S. 2186 was introduced by Senator Jim DeMint (R-S.C.) on March 12. If passed, it would prohibit any official of the federal government, including the U.S. Attorney General, from enforcing the law with respect to public pools and spas.
“[The ADA for pools and spas] is another one-size-fits-all, big-government mandate that could have a negative impact on Americans,” DeMint said in a statement. “It could lead to increased litigation and heavy fines that could force pools to close or raise fees on families. Pools with public access should have the flexibility to work directly with people with disabilities to accommodate their needs.”
The ADA originally passed in 1990. In 2010, the U.S. Department of Justice released the Standards for Accessible Design, which specified how the law should be implemented in many arenas, including public pools and spas. A sloped entry or lift is required on most public pools, with a second means of access needed on those measuring more than 300 perimeter feet. Spas must have a lift, transfer wall or transfer system. Lifts have been the most popular choice because of their cost and the relative ease of adding them.
With the March 15 deadline for retrofitting existing pools and spas now here, time is of the essence. A DeMint staffer said that the senator will fight to gain floor consideration this week but that, with Democrat Harry Reid in charge, there is no guarantee of a vote.
It is speculated that the bill comes as a result of concerted efforts by organizations from several industries, including the pool and spa, waterpark, and hotel/motel fields. Officials from these groups tried to convince the DOJ to allow portable lifts, but the agency refused, saying that fixed lifts must be installed unless facility operators can show that doing so would not be “readily achievable” or would impose an undue burden. The Agency did not define those terms, but said lifts must be ready for use whenever the vessel is available to the public. Additionally, the DOJ said facilities cannot use a single lift to serve both a pool and spa.
Organizations and their members then reached out to Congressional representatives, hoping to enact change from a different avenue.
Though many pool and spa professionals believe some relief is needed, some question this bill’s strategy, saying they weren’t looking to completely exempt pools and spas from the ADA. “We support accessibility for people with disabilities to pools and spas,” said Steven Getzoff, legal counsel for the Association of Pool & Spa Professionals and an attorney with Lester Schwab Katz & Dwyer, LLP in New York. “We think that the Department of Justice’s most recent technical assistance document requires some adjustment... but we’re not suggesting we throw everything out with it. I think we fix it rather than throw it out.”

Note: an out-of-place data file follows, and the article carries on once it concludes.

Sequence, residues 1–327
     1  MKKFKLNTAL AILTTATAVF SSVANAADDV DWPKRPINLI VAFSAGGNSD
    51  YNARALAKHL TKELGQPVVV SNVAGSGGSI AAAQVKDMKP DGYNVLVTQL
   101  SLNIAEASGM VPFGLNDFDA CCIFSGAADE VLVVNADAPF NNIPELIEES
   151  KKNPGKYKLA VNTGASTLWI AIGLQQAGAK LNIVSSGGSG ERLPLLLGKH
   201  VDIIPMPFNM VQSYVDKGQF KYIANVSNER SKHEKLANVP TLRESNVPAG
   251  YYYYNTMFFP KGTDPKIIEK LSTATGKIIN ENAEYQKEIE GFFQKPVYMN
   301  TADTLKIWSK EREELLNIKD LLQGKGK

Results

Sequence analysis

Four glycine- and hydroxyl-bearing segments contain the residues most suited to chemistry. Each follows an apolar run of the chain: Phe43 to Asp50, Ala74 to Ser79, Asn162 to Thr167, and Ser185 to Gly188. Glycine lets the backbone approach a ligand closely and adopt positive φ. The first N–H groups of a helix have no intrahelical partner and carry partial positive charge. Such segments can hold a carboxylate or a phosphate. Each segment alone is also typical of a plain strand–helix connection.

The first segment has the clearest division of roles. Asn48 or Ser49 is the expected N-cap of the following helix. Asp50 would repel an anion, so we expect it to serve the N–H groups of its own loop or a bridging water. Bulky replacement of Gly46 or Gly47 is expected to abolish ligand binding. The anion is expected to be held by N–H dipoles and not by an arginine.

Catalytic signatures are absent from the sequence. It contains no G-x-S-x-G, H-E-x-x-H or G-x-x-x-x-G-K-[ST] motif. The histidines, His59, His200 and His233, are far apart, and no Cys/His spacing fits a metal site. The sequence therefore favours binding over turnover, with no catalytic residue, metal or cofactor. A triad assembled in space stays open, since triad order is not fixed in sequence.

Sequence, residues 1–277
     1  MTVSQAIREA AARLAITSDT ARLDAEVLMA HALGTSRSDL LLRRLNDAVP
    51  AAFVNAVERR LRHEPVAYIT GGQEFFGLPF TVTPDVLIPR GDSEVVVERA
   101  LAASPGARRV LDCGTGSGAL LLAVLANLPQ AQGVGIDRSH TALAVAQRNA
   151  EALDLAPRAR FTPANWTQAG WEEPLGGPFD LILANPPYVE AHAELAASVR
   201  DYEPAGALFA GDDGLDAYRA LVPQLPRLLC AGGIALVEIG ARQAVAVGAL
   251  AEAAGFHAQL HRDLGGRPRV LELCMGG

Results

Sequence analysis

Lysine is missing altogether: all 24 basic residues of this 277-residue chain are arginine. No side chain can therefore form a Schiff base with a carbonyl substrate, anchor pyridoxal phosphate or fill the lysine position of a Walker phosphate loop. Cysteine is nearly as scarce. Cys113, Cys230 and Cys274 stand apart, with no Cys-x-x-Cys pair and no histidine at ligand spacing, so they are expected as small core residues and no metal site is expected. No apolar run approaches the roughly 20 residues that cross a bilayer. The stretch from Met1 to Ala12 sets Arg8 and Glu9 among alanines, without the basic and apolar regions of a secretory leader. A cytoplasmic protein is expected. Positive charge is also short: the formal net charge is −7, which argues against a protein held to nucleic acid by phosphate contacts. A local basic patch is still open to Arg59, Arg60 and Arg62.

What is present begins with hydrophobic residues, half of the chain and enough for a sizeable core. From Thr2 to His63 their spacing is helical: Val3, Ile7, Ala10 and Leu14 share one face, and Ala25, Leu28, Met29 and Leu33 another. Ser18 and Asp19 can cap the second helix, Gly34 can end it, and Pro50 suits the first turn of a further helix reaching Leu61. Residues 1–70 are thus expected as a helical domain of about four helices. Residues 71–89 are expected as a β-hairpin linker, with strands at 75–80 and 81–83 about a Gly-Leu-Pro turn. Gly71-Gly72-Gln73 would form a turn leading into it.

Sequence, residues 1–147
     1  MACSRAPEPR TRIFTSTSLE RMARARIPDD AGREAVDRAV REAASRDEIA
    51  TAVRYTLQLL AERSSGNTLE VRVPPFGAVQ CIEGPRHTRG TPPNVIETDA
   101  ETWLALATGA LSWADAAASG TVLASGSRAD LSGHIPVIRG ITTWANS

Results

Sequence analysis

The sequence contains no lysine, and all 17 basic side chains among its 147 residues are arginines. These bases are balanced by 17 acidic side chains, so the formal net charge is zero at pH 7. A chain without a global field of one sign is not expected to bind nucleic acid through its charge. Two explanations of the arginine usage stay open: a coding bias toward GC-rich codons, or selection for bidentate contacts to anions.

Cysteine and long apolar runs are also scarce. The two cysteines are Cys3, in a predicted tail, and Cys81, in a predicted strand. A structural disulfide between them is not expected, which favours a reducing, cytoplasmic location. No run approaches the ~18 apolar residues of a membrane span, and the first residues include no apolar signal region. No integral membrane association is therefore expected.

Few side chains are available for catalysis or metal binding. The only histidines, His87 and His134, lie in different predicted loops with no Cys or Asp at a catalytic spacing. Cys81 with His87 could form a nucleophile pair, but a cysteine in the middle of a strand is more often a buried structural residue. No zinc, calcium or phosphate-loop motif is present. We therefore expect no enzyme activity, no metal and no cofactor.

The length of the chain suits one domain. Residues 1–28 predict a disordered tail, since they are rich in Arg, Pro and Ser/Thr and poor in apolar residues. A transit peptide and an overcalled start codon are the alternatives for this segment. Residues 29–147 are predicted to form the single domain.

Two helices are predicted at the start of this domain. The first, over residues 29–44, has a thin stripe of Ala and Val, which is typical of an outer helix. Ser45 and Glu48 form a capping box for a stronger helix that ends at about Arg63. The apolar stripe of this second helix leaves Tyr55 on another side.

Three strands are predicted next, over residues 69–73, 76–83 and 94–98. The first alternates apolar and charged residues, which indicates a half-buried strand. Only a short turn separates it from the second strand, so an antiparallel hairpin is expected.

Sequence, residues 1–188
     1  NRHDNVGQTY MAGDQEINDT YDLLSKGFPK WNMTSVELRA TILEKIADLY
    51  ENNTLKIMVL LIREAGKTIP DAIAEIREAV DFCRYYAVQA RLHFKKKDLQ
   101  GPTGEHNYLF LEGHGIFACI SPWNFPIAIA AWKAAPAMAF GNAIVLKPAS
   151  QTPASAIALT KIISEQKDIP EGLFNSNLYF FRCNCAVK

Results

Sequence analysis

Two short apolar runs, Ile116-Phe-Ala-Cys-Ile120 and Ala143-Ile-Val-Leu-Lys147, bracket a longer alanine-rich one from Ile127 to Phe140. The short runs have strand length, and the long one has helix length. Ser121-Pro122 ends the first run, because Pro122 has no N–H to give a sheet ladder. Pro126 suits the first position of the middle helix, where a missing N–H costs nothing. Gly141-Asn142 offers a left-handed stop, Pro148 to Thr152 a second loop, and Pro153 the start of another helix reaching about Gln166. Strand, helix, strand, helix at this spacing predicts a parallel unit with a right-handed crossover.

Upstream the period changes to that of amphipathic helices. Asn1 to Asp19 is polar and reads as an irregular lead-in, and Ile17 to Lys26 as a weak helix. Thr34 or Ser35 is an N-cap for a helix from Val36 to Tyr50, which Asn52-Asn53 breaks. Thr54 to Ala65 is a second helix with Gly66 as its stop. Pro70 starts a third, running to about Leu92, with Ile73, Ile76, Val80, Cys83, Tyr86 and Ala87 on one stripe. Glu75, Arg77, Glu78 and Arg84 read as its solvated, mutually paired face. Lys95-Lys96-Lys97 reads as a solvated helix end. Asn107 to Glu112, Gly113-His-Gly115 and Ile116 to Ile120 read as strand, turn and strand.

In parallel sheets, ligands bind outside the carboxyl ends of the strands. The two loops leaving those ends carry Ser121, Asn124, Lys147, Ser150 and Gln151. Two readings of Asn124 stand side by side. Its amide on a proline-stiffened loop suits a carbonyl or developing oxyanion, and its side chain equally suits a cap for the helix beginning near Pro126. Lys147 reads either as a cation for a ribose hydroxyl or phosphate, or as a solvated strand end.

Some also question the potential effectiveness of the bill. While it would prohibit the DOJ from enforcing the accessibility standard, they believe it doesn’t address the true threats. “There was never a real possibility of DOJ enforcement — it said it was going to be complaint-driven,” said John Cox, service manager for Sparkling Pool Services Inc. in Windsor, N.J. “But the bigger problem is the states, in particular New Jersey, [that are] now enforcing this.”
He added that, because the bill doesn’t strike pool- and spa-related language from ADA standard itself, the door likely remains open for lawsuits. “We’re not worried about the DOJ knocking on our door saying, ‘You’ve got to close down your pools and spas,’” Cox said. “We’re worried about the guy who all of a sudden wants to introduce a class-action lawsuit against the Hilton.”
But others see limited options for changing the status quo. “Our attorney is still analyzing the bill, but we appreciate Senator DeMint’s effort to jump in on this,” said Kevin Maher, senior vice president for governmental affairs for the Washington, D.C.-based American Hotel and Lodging Association. “If the Department of Justice isn’t going to show any flexibility on this, we’re going to support any efforts to force DOJ to do that.”
But there is one thing people agree on — the bill is a long shot. Not only is there a Democratic majority in the Senate, but it’s an election year, meaning Congress will likely adjourn early, leaving less time for the business of legislating. “It’s a very limited window for Congress to consider any legislation,” Maher said. “They have a lot of things that they have to do, like appropriations bills, that are going to take a lot of time.
“It’s a fairly troubled and dysfunctional Congress at this point,” he added. “[So] any legislation is a difficult road to pass.”